Almost by way of a disclaimer, it is stated here at the outset that this article is not directly related to the Order of St Augustine, yet it deals with the general fifteenth-century climate in which Augustinians in Europe had to live, preach and minister. It was the spiritual, political and legal milieu of their existence as citizens, clergymen and participants of religious community life.
Furthermore, although the mid-fifteenth century example used herein is of England, the historical influence of the human acceptance of evil spirits in medieval Europe was not restricted to England by any means, but was a universal phenomenon. It is impossible to understand the true and inner lives of men and women in Elizabethan and Stuart England, in the France of Louis XIII and his son successor, in the Italian Renaissance and in the Catholic Counter-Reformation without accepting the part that witchcraft – or, more often, the accusation or even the mere suggestion of witchcraft – had in the lives of people at all levels of society.
(Witchcraft is here interpreted broadly as any attempt to bring evil spirits allegedly to influence the course of human events or of the lives of people or other creatures.)
To an extent that today – with greater understanding of psychology and of other sciences - is considered almost incredible, Medieval Europe (and other parts of the world as well) maintained a thorough and fearful belief in a spirit world. It also held that these spirit forces could know the future and be inimical to human outcome. Thirdly, it could go so far as to be convinced that these spirits could be contacted to share their knowledge of and influence over future events. In such a society, those who professed to deny such influences were generally regarded as doing so at their own peril.
Astrology was accepted as a part of mathematics, a derivative of astronomy, i.e., seeing an indication of present and future events in the movement of the planets and stars and, further, in weather patterns and even in the behaviour and activity of nature generally. Even the Bible suggests that at least on some occasions natural catastrophes such as floods, plagues and droughts were God’s agents of wrath and retribution on sinful human beings. Furthermore, God allowed Satan to tempt the just man, Job. For a medieval European, to believe ardently in the possible influence of evil spirits on the course of human events was almost universal, and in that medieval milieu it would certainly have seemed foolish or daredevil (literally!) not to have done so.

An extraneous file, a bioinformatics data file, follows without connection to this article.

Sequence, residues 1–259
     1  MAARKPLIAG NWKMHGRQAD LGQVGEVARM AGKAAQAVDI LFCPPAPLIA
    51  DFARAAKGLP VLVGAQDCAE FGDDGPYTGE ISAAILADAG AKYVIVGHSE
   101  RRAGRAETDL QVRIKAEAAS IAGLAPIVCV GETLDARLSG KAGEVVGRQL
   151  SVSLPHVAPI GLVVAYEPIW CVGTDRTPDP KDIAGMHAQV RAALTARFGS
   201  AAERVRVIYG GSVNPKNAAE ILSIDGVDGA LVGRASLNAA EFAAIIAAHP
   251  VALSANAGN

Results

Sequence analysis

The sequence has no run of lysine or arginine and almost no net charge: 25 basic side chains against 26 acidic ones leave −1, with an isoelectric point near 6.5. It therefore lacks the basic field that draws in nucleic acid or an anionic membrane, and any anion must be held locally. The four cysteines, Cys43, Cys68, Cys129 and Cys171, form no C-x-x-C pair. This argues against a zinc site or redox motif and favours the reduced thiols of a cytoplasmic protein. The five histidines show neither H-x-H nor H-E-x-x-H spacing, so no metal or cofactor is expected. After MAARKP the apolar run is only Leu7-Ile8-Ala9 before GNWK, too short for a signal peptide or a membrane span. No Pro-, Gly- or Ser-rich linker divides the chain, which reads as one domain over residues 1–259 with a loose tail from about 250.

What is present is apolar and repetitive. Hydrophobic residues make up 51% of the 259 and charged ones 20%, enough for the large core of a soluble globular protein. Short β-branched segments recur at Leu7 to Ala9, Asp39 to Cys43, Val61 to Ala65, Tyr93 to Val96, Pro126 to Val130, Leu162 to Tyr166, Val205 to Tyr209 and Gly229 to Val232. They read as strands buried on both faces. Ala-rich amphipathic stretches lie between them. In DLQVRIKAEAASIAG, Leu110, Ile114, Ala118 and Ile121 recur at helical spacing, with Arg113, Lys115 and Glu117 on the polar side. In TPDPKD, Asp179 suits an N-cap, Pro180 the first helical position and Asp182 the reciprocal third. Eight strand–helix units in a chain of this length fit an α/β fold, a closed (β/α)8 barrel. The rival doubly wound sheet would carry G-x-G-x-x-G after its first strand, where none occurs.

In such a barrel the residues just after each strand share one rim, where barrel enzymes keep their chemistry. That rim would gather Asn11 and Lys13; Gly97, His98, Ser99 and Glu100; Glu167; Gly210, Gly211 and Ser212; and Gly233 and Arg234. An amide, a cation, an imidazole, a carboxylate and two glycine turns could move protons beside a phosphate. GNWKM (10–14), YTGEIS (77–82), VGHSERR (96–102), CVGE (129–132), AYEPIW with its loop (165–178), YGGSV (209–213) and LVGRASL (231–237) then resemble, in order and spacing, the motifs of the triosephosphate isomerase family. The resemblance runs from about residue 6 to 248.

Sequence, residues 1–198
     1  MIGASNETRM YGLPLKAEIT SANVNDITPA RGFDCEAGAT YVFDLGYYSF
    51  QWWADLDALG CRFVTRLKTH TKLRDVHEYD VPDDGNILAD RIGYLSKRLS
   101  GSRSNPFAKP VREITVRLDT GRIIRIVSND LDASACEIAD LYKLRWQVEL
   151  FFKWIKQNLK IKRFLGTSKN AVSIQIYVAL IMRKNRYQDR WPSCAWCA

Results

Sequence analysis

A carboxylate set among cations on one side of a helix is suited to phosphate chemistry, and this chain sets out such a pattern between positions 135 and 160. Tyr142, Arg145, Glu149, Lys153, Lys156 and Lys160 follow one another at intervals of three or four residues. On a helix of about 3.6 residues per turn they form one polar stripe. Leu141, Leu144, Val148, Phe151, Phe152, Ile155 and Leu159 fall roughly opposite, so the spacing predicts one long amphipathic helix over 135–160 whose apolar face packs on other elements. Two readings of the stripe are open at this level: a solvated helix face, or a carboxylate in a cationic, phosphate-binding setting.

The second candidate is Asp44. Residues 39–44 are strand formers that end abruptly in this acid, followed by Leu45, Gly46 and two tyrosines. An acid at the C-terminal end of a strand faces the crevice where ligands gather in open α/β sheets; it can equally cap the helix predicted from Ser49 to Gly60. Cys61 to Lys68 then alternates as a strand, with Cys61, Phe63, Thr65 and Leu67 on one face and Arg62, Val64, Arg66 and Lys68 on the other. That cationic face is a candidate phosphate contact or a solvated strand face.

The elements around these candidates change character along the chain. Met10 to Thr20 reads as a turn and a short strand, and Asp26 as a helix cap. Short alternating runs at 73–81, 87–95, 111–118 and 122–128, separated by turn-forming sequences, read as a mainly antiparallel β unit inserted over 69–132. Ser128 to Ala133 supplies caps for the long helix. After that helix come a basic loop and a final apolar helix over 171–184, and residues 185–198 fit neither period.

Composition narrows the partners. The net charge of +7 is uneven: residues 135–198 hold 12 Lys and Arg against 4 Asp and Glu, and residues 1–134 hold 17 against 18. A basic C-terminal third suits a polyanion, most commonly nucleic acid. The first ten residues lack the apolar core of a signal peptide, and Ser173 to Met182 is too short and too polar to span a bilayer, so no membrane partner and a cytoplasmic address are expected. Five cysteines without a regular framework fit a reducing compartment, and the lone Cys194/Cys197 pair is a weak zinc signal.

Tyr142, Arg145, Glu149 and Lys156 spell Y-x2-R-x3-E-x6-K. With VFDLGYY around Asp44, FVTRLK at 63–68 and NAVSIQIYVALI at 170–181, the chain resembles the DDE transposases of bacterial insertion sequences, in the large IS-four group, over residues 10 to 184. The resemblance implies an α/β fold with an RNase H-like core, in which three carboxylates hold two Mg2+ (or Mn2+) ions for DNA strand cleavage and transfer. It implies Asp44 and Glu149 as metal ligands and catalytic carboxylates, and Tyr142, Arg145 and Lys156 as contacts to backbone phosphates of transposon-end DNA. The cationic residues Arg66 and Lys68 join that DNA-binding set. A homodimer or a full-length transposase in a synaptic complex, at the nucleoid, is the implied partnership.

In the Middle Ages, Satan and other evil spirits were used to fill the explanation gap in events and matters that people were disinclined to attribute directly to the hands of God, and could not see as having been caused by humanity, e.g., the Black Death, or the inexplicable sudden death of a healthy child or of a herd of animals or of a field of grain. Pre-Christian animism still exists in South America, Africa and Asia – and probably, in fact, on all continents – even among Christians. For example, the slitting of the throat of a rooster and using its blood to make the protective Christian sign of the cross on the forehead of a child on his or her birthday anniversary is still practiced in some Christian homes in the Philippines.
It would not be unusual for a medieval European to ask an astrologer, for example, to discern signs that a pregnancy would be successful, especially at those levels in a society where both inheritance issues and infant mortality generated serious concern. This particular article will focus on one woman, Eleanor Cobham, whose husband was second in line for the English Crown. She wished to discern whether her husband would ever be king, which would require the present monarch to die.Yet for her or members of her household to announce abroad that the king would experience poor health in the following year could legally be construed as an attempt to alienate the populace from the king – that is, an act of treason. To go further than to discern the king’s future by invoking evil spirits to bring about his death was a further crime – that of necromancy (invoking death). The charge of necromancy was not unheard of in England. For example, at Coventry in 1324 there had been a major scandal when it was discovered that a number of rich and influential townsmen had long been consulting a professional necromancer, and paying him large sums of money to use his arts to cause the death of King Edward III and some of his nobles.